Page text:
Global-scale drought caused atmospheric CO2 increase

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Abstract

Identifying the mechanisms driving interannual fluctuations of atmospheric carbon dioxide is necessary for predicting future CO2 concentrations and climate change [Prentice et al., 2001]. A possible clue comes from a well-established positive correlation between atmospheric CO2 growth rates and the El Niño-Southern Oscillation phenomenon [Keeling et al., 1989; Bousquet et al., 2000]. Most tropical droughts are also linked to El Niño [Lyon, 2004], suggesting carbon losses from drought as a major cause for interannual CO2 variations.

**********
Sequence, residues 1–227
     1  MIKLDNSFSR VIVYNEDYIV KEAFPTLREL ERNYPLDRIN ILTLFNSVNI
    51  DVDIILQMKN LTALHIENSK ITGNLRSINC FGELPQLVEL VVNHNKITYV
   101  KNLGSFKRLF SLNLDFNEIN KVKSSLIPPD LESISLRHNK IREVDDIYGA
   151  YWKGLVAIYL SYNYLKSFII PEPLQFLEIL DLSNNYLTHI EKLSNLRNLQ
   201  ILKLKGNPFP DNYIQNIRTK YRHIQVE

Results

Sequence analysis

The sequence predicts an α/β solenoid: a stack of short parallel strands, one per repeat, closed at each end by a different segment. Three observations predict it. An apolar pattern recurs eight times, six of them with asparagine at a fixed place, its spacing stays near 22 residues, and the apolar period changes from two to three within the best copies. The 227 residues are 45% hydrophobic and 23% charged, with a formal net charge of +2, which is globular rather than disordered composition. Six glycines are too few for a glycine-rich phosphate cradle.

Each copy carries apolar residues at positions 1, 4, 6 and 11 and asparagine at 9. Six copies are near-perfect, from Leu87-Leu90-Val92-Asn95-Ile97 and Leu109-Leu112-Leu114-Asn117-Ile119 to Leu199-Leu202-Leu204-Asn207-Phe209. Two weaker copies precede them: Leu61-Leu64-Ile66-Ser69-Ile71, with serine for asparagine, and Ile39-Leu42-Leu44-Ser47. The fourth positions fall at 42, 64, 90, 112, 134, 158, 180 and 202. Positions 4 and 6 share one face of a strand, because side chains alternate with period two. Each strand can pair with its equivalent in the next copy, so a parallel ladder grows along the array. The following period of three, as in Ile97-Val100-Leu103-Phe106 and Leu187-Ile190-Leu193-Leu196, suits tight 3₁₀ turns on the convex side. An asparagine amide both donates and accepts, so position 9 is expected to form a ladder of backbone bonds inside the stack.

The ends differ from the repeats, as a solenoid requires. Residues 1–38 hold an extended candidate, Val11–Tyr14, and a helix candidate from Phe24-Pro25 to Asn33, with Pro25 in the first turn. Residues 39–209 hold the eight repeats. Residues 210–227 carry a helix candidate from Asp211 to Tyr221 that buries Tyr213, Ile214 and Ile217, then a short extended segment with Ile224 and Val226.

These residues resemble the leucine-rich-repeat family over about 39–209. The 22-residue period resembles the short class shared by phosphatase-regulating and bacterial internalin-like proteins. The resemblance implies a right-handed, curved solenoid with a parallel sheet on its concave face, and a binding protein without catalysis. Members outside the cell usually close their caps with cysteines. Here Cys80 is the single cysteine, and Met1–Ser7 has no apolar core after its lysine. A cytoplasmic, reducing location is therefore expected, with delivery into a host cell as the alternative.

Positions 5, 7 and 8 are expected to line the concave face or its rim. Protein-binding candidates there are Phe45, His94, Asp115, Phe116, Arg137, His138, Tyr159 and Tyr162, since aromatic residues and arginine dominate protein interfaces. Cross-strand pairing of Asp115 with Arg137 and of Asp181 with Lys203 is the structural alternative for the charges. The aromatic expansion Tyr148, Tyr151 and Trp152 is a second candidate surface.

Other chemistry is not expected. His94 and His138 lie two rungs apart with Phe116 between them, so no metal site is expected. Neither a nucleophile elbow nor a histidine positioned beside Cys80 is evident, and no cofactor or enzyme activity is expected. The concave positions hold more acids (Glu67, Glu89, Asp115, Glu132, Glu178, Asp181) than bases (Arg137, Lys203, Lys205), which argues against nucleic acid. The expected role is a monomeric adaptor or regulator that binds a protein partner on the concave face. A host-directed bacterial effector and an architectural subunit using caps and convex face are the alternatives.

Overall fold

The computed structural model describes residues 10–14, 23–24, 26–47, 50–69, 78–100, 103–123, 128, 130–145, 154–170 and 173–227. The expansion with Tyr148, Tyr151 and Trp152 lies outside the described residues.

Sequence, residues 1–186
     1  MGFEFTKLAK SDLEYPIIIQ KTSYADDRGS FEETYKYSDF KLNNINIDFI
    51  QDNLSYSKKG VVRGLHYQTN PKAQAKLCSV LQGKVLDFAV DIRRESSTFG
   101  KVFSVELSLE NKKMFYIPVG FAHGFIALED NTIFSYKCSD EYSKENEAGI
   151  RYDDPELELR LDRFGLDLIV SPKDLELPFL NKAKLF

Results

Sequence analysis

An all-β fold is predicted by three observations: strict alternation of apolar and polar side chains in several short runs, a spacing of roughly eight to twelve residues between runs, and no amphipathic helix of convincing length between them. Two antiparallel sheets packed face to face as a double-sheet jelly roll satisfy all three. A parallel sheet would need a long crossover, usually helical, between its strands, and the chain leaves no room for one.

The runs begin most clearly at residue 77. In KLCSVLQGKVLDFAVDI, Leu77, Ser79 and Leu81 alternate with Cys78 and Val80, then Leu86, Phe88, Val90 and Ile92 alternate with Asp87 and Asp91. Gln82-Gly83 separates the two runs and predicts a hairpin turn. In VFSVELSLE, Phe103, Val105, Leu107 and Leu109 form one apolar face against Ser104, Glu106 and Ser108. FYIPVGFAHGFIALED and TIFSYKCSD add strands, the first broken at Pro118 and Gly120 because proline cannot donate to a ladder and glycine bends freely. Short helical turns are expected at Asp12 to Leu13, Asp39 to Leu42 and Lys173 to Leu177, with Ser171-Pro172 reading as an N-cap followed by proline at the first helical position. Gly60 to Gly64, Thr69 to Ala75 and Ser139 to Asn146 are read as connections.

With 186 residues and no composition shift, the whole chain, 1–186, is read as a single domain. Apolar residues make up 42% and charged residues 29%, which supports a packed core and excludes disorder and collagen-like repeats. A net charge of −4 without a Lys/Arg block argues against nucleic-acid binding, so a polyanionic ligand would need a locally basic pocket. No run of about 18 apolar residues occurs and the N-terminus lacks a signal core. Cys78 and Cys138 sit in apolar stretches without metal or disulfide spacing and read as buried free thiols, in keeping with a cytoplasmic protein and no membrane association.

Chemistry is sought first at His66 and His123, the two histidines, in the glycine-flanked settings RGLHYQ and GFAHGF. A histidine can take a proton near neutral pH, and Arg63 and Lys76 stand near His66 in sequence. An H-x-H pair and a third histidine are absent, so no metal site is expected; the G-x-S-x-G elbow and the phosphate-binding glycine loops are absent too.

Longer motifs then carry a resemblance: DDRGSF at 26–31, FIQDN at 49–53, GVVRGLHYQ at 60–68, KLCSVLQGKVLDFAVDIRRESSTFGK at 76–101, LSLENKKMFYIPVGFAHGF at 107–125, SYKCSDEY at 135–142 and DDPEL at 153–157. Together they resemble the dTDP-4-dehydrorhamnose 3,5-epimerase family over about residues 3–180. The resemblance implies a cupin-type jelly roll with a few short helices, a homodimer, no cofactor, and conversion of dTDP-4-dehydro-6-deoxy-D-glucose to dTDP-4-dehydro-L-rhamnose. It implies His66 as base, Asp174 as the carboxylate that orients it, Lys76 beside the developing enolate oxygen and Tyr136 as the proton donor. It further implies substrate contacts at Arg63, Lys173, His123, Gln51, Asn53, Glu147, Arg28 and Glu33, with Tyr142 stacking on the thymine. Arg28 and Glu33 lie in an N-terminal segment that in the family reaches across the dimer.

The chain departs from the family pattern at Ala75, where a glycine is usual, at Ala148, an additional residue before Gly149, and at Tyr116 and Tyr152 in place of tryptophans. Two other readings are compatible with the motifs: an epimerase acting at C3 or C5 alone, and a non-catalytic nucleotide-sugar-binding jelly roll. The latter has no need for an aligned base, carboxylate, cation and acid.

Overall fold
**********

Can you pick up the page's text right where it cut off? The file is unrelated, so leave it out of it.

A lag correlation between 7-month running means (see Figure 1) of monthly atmospheric CO2 concentrations [Cooperative Atmospheric Data Integration Project, 2004] and Niño 3 sea surface temperatures (available at http://www.cpc.noaa.gov/data/indices/) for the period 1979–2003 peaks at a lag of four months with a correlation of 0.49, and a significance level above 99.9% (assuming 42 independent measurements).

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